Costa Rica Coffee Guide

Costa Rica’s Chinchilla signs $40 million aid bill for coffee farmers

July 2, 2013

President Laura Chinchilla signed a bill into law Wednesday morning that will provide $40 million in support for Costa Rica’s coffee farmers struggling with a devastating fungus, according to a press release from her office.

Along with Agriculture and Livestock Minister Xinia Chaves Quirós, the president visited the Coopronaranjo coffee cooperative to sign a law establishing the Support Trust for Producers Affected by Roya, or Hemileia vastatrix, a fungus that has ravaged coffee plantations across Central America this season.

The president’s office estimates that the trust will benefit 250,000 mostly small farmers from across the country. Over 60 percent of Costa Rica’s coffee is affected by roya, also known as leaf rust.

The Agriculture and Livestock Ministry estimates a 20 percent drop in production during the 2013-2014 harvest that could knock some small farmers out of commission for two to three years.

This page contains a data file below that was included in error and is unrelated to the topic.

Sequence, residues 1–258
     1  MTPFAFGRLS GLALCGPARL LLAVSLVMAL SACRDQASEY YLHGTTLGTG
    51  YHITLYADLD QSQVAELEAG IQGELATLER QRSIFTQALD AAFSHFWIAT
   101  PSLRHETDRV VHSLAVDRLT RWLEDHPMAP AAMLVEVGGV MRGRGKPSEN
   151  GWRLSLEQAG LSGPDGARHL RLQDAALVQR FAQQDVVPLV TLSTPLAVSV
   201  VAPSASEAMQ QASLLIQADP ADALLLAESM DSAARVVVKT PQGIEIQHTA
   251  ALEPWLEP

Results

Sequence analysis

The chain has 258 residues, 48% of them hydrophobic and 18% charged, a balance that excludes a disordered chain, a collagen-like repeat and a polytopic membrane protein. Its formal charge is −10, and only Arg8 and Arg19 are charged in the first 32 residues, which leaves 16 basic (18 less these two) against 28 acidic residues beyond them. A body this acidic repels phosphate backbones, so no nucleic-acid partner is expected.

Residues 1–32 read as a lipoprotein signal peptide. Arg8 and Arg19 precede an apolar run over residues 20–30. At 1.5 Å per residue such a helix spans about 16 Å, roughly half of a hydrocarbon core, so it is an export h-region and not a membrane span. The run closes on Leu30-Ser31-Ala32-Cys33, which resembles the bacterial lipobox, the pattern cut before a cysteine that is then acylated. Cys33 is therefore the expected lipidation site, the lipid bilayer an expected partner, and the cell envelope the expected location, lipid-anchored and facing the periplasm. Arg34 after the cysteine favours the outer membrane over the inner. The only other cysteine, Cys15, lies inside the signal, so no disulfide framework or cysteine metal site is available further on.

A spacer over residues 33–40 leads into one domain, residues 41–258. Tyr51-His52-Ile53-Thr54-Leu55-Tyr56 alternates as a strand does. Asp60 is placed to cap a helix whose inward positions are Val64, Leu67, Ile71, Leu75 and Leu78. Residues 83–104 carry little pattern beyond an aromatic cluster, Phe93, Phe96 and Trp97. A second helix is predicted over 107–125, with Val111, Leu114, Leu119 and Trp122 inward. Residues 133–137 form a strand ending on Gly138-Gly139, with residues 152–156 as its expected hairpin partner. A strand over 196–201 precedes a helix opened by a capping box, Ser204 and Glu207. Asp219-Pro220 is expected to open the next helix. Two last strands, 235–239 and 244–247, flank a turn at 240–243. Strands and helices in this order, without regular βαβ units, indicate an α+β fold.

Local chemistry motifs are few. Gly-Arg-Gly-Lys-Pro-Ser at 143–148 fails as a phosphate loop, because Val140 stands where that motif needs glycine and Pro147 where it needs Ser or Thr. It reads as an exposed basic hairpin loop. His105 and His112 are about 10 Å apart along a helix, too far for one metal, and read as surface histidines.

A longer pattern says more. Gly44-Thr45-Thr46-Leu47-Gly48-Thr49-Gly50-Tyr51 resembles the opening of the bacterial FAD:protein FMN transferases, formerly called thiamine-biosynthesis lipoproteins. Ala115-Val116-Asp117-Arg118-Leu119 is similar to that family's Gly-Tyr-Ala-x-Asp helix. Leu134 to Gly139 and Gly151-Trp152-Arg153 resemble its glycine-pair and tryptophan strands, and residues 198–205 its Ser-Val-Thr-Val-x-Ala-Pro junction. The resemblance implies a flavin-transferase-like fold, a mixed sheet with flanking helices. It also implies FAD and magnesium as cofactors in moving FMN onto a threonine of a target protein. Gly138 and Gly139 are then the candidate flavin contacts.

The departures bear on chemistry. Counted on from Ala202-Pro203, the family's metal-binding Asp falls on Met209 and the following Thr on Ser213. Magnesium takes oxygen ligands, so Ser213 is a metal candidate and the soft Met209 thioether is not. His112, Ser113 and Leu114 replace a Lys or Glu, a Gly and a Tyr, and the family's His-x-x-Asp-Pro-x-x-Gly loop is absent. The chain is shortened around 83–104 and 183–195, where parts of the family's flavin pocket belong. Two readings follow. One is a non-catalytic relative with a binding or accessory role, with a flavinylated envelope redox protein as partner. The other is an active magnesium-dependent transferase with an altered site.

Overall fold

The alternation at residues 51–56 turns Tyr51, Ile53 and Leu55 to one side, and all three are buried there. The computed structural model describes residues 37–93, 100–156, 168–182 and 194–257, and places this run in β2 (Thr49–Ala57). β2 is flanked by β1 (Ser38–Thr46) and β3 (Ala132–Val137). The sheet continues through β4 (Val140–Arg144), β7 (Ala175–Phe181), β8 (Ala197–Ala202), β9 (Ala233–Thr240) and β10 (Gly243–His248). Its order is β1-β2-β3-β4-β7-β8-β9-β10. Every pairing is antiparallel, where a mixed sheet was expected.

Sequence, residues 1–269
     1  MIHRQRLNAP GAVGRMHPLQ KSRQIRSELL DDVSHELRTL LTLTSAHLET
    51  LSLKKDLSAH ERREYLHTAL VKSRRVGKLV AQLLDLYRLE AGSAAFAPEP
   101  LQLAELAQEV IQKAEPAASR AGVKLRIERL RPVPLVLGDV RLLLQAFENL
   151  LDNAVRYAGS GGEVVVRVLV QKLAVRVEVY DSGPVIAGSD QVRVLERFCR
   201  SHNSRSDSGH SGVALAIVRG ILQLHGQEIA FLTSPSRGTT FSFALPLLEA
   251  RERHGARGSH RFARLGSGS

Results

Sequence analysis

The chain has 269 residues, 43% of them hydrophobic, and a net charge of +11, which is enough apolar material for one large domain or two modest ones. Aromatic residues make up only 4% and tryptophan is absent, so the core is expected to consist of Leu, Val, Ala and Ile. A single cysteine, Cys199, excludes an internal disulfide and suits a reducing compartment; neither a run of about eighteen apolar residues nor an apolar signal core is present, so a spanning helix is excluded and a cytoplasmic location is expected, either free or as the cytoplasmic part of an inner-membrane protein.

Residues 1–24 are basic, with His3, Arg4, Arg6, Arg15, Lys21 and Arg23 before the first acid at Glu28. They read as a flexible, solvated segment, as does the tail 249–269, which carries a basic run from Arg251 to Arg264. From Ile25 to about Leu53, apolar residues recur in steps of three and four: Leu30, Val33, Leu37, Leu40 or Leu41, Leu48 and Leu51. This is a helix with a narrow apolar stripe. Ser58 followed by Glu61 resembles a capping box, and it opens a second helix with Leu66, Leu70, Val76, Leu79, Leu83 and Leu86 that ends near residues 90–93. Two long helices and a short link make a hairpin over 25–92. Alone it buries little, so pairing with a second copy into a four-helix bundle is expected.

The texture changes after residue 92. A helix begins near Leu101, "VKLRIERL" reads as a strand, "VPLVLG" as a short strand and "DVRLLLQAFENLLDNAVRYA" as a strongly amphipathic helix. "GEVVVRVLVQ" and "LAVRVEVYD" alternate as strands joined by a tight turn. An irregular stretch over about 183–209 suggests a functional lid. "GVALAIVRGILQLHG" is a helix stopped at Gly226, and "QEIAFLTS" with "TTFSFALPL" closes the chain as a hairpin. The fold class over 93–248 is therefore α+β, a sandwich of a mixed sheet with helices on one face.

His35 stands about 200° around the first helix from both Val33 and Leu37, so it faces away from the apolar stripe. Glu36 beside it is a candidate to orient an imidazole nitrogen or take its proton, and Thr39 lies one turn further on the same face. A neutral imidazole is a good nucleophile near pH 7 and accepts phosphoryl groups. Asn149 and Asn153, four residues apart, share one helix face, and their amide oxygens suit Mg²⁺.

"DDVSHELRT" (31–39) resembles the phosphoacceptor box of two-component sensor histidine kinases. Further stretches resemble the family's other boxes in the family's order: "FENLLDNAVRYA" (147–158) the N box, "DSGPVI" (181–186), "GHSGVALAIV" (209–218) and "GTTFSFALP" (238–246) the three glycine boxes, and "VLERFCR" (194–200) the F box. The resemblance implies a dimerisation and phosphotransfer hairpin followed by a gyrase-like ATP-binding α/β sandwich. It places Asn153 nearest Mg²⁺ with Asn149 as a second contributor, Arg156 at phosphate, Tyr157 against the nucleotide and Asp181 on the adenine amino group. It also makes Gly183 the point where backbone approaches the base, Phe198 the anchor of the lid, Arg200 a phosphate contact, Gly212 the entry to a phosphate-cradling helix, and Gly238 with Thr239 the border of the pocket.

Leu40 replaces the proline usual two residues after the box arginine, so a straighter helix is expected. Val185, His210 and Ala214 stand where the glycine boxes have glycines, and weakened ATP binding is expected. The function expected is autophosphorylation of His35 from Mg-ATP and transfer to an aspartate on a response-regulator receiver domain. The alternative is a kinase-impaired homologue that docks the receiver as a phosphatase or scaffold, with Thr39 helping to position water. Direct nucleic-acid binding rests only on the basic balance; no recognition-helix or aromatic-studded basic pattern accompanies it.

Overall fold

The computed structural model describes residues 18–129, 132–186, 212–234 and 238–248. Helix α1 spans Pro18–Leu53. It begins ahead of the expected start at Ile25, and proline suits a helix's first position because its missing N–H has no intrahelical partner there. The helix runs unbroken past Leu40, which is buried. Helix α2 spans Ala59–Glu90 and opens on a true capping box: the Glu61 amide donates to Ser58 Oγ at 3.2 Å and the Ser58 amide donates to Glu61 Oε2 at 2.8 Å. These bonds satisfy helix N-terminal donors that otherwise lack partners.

The funds are intended to go toward financing social programs, low interest loans to replant damaged coffee fields, and debt reduction. 

The regions most affected by roya are Coto Brus, Pérez Zeledón, Turriabla and Valle Occidental, according to the Costa Rican Coffee Institute.

Costa Rica declared a coffee emergency in January along with several other Central American countries, noting that as much as 30 percent of the small country’s crop could be lost to leaf rust.

The current wave of leaf rust in Central America is the worst since it was first found on the isthmus in 1976. PROMECAFE, a coffee research organization based in Guatemala, estimates that roya could cost the isthmus $500 million.

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